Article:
Teheran had assured European leaders that it would suspend uranium enrichment activities, but new information suggests otherwise
Iran has drawn up secret plans to make large quantities of a gas that can be used to produce highly enriched uranium, despite promises to suspend enrichment activities.
http://www.telegraph.co.uk/news/graphics/2004/12/19/wnuke19.jpgTechnicians work in the Isfahan nuclear facility south of Tehran
Gholam Reza Aghazadeh, Iran’s atomic energy chief, has authorised construction of a plant to make Anhydrous Hydrogen Fluoride (AHF), a gas that has many uses, from petrochemical processing to uranium enrichment.
The plant is expected to be finished by 2006 and will have a capacity to produce 5,000 tons of AHF a year, according to a Western intelligence official.
It is to be built near Isfahan, a city where the authorities are said to have authorised a number of secret nuclear facilities.
“Such a plant would directly enhance enrichment activity,” said one Western diplomat based in Vienna. "Iran has a deal with us, but it is pushing the envelope in every way it can.
“It shows that in their mind they have not accepted suspension. Politically, on the domestic stage, the officials in charge have to show that enrichment is still going forward.”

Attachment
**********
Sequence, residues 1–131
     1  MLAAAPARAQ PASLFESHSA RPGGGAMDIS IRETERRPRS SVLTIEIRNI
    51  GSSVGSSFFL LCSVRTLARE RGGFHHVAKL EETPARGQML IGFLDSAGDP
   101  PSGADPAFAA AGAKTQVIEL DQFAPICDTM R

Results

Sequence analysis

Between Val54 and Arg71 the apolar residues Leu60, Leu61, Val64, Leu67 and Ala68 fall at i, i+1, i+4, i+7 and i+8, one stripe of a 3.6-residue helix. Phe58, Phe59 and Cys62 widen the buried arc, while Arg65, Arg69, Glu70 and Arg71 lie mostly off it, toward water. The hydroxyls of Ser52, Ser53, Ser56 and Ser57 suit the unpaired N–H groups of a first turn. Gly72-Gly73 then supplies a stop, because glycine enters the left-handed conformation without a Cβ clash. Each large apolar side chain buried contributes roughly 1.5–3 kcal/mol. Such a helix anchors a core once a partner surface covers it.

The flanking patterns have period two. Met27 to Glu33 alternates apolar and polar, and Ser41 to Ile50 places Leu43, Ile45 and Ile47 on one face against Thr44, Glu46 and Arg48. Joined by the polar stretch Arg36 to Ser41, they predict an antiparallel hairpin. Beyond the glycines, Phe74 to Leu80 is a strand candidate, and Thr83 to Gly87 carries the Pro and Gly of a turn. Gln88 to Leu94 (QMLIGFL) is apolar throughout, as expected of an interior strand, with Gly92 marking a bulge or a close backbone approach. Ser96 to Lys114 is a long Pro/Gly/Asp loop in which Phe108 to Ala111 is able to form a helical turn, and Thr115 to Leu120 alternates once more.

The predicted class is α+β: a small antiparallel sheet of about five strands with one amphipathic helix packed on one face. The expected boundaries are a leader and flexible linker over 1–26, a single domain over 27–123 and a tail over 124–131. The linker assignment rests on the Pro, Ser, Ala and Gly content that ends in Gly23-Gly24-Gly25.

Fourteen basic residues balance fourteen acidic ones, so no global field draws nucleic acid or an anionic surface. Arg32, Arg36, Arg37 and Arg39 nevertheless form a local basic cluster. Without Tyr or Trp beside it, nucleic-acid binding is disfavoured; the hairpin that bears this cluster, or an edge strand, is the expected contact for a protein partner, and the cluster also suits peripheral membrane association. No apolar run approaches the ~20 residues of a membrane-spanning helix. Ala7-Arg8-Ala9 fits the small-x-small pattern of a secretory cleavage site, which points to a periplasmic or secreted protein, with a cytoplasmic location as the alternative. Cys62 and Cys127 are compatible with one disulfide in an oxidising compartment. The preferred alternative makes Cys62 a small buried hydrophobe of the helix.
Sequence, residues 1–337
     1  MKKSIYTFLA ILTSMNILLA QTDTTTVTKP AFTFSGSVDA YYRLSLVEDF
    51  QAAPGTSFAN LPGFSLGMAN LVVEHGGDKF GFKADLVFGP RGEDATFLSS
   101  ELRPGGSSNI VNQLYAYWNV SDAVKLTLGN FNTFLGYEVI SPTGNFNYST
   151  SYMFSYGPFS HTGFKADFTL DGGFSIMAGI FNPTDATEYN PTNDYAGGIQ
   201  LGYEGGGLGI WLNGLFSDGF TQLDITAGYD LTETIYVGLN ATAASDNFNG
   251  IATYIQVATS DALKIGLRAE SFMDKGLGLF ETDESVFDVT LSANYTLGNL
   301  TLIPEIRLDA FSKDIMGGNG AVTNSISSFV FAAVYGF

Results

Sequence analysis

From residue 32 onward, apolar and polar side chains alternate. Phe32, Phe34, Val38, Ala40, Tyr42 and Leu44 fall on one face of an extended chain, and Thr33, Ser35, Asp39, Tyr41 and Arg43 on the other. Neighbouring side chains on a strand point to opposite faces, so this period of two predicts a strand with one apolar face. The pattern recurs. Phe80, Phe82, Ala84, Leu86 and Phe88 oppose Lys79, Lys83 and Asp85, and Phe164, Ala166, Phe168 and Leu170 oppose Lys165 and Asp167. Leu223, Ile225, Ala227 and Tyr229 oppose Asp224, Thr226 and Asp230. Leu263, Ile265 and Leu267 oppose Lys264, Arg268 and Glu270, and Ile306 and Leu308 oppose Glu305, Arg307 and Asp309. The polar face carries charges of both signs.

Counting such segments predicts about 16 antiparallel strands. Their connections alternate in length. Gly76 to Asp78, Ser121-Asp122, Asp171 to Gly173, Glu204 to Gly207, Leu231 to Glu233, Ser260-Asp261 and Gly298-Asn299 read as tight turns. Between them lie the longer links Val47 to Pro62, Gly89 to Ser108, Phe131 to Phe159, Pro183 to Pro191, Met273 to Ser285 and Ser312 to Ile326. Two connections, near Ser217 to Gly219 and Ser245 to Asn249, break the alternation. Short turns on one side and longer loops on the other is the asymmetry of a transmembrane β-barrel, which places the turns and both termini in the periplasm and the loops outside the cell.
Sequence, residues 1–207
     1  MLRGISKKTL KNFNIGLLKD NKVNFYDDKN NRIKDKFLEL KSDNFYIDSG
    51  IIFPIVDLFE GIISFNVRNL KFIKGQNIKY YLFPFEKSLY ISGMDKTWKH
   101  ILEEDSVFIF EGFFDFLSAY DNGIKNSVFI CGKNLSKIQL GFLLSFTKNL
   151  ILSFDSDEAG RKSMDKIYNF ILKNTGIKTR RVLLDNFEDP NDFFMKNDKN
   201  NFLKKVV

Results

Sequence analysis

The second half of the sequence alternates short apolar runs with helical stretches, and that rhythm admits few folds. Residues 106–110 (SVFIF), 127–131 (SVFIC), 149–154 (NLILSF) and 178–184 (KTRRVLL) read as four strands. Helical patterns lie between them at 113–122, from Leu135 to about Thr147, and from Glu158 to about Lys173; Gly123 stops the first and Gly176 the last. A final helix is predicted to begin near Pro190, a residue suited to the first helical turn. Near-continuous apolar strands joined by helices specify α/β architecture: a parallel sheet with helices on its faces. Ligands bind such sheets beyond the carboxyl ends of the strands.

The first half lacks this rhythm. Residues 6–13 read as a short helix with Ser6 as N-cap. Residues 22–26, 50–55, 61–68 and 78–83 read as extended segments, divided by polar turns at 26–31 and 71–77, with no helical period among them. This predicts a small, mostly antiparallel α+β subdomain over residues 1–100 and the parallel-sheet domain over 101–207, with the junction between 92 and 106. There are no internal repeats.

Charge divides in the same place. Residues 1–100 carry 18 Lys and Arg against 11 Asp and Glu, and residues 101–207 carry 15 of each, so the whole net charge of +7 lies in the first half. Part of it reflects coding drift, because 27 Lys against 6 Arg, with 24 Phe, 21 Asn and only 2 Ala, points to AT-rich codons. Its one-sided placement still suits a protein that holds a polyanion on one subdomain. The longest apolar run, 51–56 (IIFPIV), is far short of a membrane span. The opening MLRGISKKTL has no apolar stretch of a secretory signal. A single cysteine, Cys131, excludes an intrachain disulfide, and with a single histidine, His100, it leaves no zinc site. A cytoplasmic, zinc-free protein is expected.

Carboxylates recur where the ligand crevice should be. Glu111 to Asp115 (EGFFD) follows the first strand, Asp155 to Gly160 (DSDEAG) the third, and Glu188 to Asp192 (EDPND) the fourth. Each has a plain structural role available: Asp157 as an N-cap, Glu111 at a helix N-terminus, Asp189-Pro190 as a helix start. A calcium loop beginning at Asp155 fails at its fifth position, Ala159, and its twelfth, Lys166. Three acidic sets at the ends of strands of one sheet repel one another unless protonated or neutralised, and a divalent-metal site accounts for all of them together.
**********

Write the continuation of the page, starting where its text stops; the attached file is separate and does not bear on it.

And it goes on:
Iran’s nuclear negotiator, Hassan Rohani, met Jack Straw, the Foreign Secretary, and his European counterparts in Brussels last week, and offered renewed assurances that Iran had suspended all declared enrichment activity.
Construction of an AHF facility would not itself violate Iran’s agreement with Britain, France and Germany that was hammered out over several days of negotiations at the International Atomic Energy Agency’s headquarters in Vienna.
The gas is not listed as a controlled nuclear technology, but it can be used during the process of turning uranium tetrafluoride into uranium hexafluoride, used in atom bombs.
America has previously blocked Iranian efforts to acquire AHF.
Four years ago, Washington put enormous pressure on Beijing to withdraw a shipment of large quantities of the gas to Iran.
According to a report by the Centre for Nonproliferation Studies, in California, China may have sold a blueprint for a facility to produce highly enriched uranium to Iran as part of the same deal. Isfahan is one of the main centres of Iran’s alleged programme to develop nuclear weapons.
The German magazine, Der Spiegel, alleged last month that Iranian officials had ordered a tunnel to be constructed to house a secret operation to produce uranium hexafluoride.
Mohamed ElBaradei, the head of the IAEA, said last week that Iran was one of the countries with nuclear expertise that were close to possessing a nuclear deterrent. He said: “The fundamental issue is that countries look at knowhow as a deterrent. Once you get into areas of deterrence, you get into the area of security and insecurity. If you have the nuclear material the weapon part is not far away.”